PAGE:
A rising star in her company, Riska Mirzalina became one of the first employees outside the top-level managers to embark on an Executive MBA thanks to her determination and powers of persuasion. Here, she outlines how the qualification has enhanced her career.
I began my MBA with Copenhagen Business School in 2018, but the process began long before that. It had always been an ambition of mine and I began investigating the course and persuading my company, VELUX, two years earlier. The challenge was that the company was not used to paying for MBAs for employees that weren’t at the top level before, but I was convinced that it was the course for me – and crucially, it would also benefit them.
The first person I asked was my manager and I was met with some resistance, so I continued to pursue the dialogue with them, although this time together with my director. The process of persuading them to support my studies wasn’t exactly a walk in the park because it wasn’t as if I ‘needed’ the course to do my job back then. I however placed an emphasis on the future; on what I could contribute within commercial and leadership for VELUX if they were to develop me as a young talent. And were I not able to secure a tuition payment from them, I was quite prepared to take on the cost myself; in Denmark we have a tax scheme where you can pay through your salary, and even if I needed to sell my apartment I would have done it.
To me, an MBA will always be an investment in myself, whether I end up as an astronaut or a consultant. I know that I can always grab that toolbox of skills and apply them to any position, and it was a big achievement for me when VELUX finally offered to pay for my course and fully supported me in my ambition.
A background in digital business
I grew up in Indonesia and ran a business that made and sold sustainable footwear both at home and to neighbouring countries. This involved developing my own digital skills – through books at first! – and learning how to build a successful business online. It stood me in good stead, and I was eventually able to sell the business and move to Denmark for a position with Trustpilot, which was a digital startup back then. There, I looked at online ranking and reviews and managing digital products, and this gave me the skills to progress to a job with VELUX.
I started out as digital analyst, before becoming a digital business manager, and later a pricing consultant working on online trade terms and conditions. These roles led me to my current job as a consultant to the CEO, which gives me a broader understanding of the business. It was a good move for me, and it was one that was brought about by my MBA courses; they enriched my knowledge as I moved from technical to strategic roles. For me, the digital side of things and ‘e-business’ is just business and it was important to me to extend what I had learnt already into other departments (and vice versa). Technical skill can have a big influence on commercial objectives and this will be increasingly relevant in years to come.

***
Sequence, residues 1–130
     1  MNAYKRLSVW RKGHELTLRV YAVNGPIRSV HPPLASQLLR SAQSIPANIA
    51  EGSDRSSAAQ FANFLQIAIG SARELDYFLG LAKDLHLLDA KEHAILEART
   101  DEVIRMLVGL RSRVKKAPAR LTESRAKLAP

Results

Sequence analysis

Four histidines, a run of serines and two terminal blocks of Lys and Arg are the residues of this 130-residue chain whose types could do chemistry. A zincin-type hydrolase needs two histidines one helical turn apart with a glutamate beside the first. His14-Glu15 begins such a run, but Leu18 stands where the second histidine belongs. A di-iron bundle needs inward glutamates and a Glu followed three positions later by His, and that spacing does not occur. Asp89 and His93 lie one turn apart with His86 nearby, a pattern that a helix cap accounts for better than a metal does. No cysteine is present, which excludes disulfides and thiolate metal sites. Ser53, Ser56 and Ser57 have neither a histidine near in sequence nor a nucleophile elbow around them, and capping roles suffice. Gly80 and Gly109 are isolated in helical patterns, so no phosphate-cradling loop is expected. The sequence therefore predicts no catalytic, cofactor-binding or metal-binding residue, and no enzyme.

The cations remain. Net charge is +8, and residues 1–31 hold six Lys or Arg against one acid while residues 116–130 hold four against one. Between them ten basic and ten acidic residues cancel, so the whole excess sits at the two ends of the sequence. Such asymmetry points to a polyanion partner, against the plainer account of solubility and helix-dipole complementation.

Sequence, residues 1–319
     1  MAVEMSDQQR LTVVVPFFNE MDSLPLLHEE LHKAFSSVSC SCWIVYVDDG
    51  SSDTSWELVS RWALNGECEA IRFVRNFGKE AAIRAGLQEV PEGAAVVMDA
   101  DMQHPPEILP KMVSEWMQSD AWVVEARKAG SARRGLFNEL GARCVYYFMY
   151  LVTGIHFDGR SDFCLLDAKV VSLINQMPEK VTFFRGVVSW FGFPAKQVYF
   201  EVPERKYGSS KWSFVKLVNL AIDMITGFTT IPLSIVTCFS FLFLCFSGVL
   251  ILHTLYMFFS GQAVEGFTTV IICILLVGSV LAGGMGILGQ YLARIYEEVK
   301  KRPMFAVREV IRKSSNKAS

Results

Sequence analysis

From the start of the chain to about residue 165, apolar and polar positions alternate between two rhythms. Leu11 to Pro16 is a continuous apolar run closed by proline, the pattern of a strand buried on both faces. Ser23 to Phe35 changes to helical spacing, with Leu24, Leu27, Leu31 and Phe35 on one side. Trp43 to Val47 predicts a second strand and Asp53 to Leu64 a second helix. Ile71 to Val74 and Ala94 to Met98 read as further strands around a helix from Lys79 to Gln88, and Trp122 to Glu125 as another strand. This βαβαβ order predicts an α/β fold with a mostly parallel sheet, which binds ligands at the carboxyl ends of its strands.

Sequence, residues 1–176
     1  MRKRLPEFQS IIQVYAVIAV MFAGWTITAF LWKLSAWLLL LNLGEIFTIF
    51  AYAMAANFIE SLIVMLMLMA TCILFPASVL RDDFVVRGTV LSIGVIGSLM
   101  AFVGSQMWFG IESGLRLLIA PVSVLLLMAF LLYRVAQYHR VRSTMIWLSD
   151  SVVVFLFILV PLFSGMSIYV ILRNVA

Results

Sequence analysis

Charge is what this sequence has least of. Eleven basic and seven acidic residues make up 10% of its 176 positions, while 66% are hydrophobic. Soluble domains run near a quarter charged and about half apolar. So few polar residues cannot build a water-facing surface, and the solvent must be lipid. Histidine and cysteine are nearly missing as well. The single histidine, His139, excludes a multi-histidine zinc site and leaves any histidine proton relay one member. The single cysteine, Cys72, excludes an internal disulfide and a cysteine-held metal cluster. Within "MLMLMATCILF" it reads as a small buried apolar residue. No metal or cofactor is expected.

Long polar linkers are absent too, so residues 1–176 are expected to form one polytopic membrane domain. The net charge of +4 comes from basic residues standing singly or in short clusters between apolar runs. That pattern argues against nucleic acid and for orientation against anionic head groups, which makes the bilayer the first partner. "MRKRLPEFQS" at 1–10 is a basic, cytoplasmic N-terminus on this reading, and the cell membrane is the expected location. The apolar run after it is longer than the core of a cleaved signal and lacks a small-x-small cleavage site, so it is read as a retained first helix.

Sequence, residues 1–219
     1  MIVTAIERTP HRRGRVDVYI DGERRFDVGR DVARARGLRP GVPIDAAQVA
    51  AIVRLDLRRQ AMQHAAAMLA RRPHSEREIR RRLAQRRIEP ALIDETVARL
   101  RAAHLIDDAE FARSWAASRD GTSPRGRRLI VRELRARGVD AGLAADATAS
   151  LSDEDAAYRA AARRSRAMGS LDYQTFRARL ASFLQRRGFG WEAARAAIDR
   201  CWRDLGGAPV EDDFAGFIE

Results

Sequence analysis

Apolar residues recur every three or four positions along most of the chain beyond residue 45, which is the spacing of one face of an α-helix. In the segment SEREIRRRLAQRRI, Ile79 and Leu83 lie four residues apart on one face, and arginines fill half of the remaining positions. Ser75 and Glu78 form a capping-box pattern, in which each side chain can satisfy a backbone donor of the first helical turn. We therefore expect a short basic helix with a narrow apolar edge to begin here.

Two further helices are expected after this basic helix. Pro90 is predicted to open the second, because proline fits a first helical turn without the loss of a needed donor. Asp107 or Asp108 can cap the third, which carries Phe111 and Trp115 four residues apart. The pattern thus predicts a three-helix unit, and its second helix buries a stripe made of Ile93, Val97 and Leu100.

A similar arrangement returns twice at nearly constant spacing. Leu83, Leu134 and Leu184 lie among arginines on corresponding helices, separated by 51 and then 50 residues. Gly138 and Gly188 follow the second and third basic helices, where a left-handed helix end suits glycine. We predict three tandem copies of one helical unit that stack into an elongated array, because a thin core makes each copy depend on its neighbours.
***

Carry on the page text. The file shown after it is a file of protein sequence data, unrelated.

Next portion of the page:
It was tough juggling my day job with my studies, but I had to prioritise the MBA above pretty much everything else in my life. It was a trade-off that I was prepared to make, and I made sure that everyone in my social and family groups were aware of what was happening. I couldn’t do it without them, and I needed their support and understanding while I was working hard on the course.
I enjoyed coming onto campus and talking with my classmates and sharing experiences with them. They challenged me in so many areas of business and forced me to reconsider what we were doing and why. I was the youngest in my class and the learning curve was very steep for me, but it was a positive dynamic and everyone had their chance to shine. The older students would tend to have more to say about subjects such as financial strategy, while the younger ones would be more vocal about marketing or digital. I learned so much.
Through my MBA, I realise that I learned more about my company and myself in the past two years than in previous five years with the company. It’s delivered a much better outcome for both me and VELUX and I have a deep understanding of the different areas of the business, how they all fit together and the challenges they face.
The course forced me to compile functional case studies and to reach out to various departments – from production to finance – for data and information that could support my work and studies. In fact, in my final thesis I wrote about offsite manufacturing. I presented it to the management group and it has had an influence on the way we consider opportunities for the coming decade.
A brighter future
That’s just one example of the difference the MBA has made on my day-to-day job and the influence it’s had on my career with VELUX. I’m looking forward to what happens next.